Video

    Video Apprenticeships Put Americans on Path Back to Work

    Trying to get more people into the U.S. workforce, the Obama administration last year announced $175 million in grants towards apprenticeship programs. VOA White House correspondent Aru Pande went inside one training center outside of Washington that has gained national recognition for helping put people on the path to employment.
    Video

    Video New Material May Reduce Concussion Effects

    As the 2016 National Football League season reaches its summit at the Super Bowl this coming Sunday (2/7), scientists are trying to learn how to more effectively protect football players from dangerous and damaging concussions. Researchers at Cardiff and Cambridge Universities say their origami-based material may solve the problem. VOA’s George Putic reports.
    Video

    Video Saudi Arabian Women's Sports Chip Away at Stereotypes

    Saudi Arabian female athletes say that sports are on the front line of busting traditions that quash women’s voices, both locally and internationally. In their hometown of Jeddah, a group of basketball players say that by connecting sports to health issues, they are encouraging women and girls to get out of their homes and participate in public life. VOA’s Heather Murdock reports.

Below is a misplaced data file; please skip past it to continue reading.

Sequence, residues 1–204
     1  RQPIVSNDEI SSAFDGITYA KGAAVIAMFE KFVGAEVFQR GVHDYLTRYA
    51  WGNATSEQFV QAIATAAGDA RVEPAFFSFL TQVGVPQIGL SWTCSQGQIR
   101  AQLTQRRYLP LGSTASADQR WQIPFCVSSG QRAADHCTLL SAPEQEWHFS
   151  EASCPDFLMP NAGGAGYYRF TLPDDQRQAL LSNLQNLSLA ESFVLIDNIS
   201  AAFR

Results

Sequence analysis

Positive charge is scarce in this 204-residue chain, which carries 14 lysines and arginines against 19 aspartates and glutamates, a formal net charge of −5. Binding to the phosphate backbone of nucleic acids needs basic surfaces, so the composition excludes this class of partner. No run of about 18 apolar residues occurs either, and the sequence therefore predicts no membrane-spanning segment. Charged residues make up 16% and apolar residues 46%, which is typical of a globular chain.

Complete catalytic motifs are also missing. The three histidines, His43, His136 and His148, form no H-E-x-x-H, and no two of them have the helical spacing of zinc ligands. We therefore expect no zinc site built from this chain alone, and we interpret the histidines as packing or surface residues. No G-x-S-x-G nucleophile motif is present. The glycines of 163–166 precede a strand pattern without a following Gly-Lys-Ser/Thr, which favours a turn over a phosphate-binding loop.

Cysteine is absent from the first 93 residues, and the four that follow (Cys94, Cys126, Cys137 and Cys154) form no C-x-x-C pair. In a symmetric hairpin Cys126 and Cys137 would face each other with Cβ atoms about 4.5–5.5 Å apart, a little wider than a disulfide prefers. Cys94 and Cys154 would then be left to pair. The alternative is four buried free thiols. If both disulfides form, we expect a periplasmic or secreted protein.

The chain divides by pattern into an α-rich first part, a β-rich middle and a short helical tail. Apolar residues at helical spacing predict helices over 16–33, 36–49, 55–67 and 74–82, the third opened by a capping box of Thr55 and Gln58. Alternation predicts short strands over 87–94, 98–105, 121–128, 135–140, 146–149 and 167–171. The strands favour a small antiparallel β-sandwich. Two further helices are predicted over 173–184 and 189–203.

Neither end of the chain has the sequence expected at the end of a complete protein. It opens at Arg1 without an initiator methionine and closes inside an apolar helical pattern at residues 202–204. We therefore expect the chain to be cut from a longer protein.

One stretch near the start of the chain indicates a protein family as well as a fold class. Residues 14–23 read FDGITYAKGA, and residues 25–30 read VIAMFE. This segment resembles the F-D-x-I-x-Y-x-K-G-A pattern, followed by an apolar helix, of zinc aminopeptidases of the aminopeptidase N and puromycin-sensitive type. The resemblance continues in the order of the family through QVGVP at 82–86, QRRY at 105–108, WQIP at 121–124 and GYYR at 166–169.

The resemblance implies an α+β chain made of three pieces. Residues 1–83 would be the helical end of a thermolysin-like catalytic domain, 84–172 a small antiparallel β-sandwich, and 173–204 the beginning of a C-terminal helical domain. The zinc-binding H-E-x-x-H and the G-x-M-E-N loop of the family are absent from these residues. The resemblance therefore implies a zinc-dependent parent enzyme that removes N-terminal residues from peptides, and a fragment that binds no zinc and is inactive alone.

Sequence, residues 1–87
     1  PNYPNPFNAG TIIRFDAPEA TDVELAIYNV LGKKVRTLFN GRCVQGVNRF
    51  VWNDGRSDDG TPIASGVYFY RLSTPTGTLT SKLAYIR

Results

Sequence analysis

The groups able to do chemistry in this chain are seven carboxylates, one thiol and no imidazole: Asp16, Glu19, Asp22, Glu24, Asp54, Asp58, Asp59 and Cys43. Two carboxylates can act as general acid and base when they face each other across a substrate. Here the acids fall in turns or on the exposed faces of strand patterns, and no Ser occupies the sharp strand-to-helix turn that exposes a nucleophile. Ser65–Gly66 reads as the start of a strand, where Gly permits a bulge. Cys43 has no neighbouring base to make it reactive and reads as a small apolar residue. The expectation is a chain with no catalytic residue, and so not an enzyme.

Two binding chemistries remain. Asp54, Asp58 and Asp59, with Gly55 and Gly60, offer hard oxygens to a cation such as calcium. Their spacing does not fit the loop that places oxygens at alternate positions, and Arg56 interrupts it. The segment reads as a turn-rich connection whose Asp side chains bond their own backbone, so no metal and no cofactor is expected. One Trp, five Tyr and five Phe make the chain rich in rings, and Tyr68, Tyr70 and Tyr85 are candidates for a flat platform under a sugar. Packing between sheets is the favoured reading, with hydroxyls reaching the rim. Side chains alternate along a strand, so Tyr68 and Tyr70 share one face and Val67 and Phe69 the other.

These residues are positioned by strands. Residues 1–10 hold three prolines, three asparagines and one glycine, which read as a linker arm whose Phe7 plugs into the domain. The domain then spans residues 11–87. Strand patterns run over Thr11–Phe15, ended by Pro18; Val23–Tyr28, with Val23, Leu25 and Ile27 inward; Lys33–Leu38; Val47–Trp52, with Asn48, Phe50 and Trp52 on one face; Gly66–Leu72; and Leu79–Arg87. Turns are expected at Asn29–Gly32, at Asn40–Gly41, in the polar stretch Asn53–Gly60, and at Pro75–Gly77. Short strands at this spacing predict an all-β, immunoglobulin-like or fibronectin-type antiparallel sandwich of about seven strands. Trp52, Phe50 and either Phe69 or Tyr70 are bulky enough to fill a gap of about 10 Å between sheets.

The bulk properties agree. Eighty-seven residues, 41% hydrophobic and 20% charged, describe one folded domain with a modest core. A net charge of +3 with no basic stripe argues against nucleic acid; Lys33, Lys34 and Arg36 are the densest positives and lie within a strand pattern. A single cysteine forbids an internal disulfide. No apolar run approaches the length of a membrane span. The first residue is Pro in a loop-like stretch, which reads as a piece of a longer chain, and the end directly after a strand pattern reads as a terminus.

Video

    Video A Year Later, Fortunes Mixed for Syrians Forging New Lives in Berlin

    In April of last year, VOA followed the progress of six young Syrian refugees -- four brothers and their two friends -- as they made their way from Libya to Italy by boat, and eventually to Germany. Reporter Henry Ridgwell caught up with the refugees again in Berlin, as they struggle to forge new lives amid the turmoil of Europe's refugee crisis.
    Video

    Video Zika Virus May be Hard to Stop

    With the Zika virus spreading rapidly, the World Health Organization Monday declared Zika a global health emergency. As Alberto Pimienta reports, for many governments and experts, the worst is yet to come.